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OC-054 The Value Of A Ward Liaison Nurse To Improve Endoscopy For In-patients
  1. A Gaglia,
  2. N Taggart,
  3. L Williams,
  4. L Flavell,
  5. J Dahill,
  6. N Haslam,
  7. R Barkatali,
  8. S Sarkar
  1. Endoscopy, Royal Liverpool Hospital, Liverpool, UK

Abstract

Introduction Endoscopy Inpatients are challenging as they tend to be the sickest patients who require procedures urgently. The numbers fluctuate and there is little provision for capacity in a busy day-case endoscopy unit. At the Royal Liverpool there are >2000 in-patient endoscopic procedures per annum and which are served by 9 per week dedicated in-patient lists. However, these lists were poorly utilised at <50% of time this was due to cancellations and poor scheduling. Waiting times for in-patients were unacceptable. The aim was to improve the in-patient experience of endoscopy and improve efficiency of the in-patient lists.

Methods In February 2013, an In-patient liaison (B6) was appointed to help coordinate in-patient listing for endoscopy. This involved the triage of patients (including UGI Bleeds and ERCPs), coordinating with the wards and listing of patients. As the focal point of contact for ward teams, advice is given to teams about preparation of patients, as well as consenting patients on the wards ready for lists. Attending ward rounds on a daily basis to AandE, medical admissions unit and Gastroenterology wards means patients are actively listed. The effect was audited with outcomes of list utilisation, improvement patient waiting times and back-filling of lists.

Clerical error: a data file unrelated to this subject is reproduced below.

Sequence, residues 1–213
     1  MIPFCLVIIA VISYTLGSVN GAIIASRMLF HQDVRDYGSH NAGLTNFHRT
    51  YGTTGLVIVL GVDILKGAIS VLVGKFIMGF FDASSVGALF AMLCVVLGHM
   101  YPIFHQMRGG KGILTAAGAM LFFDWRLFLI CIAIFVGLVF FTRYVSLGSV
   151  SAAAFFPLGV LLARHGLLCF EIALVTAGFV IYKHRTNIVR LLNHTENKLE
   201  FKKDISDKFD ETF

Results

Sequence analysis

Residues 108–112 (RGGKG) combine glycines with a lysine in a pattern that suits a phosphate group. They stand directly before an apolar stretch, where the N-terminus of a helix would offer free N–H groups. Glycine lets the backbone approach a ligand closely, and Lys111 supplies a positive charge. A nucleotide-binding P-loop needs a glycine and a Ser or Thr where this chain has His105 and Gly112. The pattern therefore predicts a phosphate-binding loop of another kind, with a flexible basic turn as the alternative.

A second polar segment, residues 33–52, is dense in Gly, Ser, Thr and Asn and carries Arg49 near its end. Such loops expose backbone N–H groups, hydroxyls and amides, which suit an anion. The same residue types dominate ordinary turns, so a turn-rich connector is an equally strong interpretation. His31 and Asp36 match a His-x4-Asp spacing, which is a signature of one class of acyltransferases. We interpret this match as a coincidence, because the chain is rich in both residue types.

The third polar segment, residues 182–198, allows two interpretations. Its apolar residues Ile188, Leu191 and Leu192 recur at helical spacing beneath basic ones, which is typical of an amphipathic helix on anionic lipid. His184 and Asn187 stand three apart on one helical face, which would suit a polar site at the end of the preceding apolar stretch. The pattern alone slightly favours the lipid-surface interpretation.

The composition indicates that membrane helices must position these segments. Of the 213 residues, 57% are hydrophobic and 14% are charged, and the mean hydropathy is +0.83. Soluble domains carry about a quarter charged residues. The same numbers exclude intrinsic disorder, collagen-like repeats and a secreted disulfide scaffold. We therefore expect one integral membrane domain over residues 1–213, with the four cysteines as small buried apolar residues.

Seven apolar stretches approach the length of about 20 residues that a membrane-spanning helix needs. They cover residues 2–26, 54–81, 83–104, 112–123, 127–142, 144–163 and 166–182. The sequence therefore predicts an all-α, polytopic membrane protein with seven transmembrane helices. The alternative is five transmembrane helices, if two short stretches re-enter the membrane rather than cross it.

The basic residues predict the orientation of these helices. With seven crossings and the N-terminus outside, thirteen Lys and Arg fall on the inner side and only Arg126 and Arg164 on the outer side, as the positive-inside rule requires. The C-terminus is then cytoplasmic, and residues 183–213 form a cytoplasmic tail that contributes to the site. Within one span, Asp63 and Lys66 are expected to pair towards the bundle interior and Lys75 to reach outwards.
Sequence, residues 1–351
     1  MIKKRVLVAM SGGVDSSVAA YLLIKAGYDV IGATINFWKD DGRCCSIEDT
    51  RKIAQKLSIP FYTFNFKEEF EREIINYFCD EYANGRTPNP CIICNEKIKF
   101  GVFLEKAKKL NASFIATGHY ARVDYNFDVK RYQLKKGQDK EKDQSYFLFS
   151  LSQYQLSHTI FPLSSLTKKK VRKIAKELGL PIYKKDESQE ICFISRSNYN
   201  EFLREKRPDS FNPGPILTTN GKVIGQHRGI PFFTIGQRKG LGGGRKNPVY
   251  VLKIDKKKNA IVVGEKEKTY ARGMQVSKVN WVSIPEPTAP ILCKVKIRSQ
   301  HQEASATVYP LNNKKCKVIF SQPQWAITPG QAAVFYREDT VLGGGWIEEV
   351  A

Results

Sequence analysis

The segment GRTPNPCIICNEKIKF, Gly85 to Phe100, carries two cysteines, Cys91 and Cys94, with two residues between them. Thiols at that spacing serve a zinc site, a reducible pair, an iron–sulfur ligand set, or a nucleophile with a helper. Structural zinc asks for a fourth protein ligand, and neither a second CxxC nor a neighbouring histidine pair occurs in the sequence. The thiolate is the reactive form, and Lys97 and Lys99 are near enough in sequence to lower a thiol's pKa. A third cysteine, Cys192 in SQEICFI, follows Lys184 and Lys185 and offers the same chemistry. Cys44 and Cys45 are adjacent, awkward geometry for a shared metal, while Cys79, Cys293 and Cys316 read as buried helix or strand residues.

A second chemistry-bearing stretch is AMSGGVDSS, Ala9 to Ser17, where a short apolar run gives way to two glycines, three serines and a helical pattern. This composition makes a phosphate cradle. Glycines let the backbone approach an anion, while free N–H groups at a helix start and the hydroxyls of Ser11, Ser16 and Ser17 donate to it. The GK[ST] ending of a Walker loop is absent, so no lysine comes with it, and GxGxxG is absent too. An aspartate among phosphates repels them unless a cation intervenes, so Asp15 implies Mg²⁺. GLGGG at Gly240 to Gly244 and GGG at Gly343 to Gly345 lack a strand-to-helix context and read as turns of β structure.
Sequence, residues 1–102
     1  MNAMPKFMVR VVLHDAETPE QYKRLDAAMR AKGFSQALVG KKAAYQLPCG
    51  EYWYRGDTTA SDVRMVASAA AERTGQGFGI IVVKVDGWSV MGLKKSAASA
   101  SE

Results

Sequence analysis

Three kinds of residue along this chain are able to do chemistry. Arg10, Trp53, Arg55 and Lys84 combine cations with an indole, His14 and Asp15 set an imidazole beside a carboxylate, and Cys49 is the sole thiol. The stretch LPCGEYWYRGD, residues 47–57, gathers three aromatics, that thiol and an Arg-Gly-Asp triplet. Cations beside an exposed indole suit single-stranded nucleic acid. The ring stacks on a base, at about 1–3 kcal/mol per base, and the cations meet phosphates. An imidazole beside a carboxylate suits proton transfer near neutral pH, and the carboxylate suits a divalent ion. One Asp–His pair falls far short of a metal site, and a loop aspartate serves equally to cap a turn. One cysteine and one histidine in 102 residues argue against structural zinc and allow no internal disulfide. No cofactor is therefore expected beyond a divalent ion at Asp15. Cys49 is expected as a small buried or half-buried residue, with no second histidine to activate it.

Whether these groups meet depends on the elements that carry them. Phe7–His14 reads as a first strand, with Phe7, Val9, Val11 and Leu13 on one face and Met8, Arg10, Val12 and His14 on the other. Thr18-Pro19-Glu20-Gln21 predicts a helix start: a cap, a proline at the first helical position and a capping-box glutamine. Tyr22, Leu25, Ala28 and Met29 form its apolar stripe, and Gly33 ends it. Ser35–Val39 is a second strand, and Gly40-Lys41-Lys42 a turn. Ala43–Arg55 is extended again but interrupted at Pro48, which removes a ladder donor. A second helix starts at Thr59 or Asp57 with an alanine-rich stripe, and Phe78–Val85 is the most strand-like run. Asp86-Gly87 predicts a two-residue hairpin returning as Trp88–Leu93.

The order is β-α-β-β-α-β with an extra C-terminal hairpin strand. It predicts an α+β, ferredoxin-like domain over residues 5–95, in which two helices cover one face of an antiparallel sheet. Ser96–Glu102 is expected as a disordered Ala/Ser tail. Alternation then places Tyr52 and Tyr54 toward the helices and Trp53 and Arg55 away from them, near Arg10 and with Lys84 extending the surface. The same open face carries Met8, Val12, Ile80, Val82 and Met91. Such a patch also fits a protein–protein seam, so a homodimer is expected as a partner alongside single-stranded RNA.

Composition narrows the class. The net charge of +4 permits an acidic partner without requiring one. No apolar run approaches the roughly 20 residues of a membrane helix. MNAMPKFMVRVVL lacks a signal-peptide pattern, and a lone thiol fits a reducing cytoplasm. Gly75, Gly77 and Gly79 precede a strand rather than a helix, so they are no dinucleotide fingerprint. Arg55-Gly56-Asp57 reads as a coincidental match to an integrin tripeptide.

Results Satisfaction Feedback from the ward staff, doctors and specialist nurses were extremely positive with the role.

ERCPS were managed more effectively with reductions in cancellations of patients that did not require them and effective triage to EUS. Also access of patients needing urgent ERCP was much easier due to the value of coordination.

UGI Bleeds Were managed more effectively which led to a reduction in the patients that required in-hours and out of hours theatre.

Interventional Endoscopy Listing in-patients for complex therapeutic interventions such as stenting and getting tertiary referrals in form other hospitals was significantly improved.

Efficiency The list utilisation improved greatly from 64 to 86% in just 8 months. The waiting times (patient scoped within 24 h of referral) improved by 32% for upper GI endoscopy and by 16% for sigmoidoscopy despite a substantial increase in the number of referral s (OGD increase by 13% and sigmoidoscopy by 20%).

Conclusion An in-patient liaison nurse has been pivotal for improving the quality, and efficiency, of the endoscopy service we offer to in-patients.

Disclosure of Interest None Declared.

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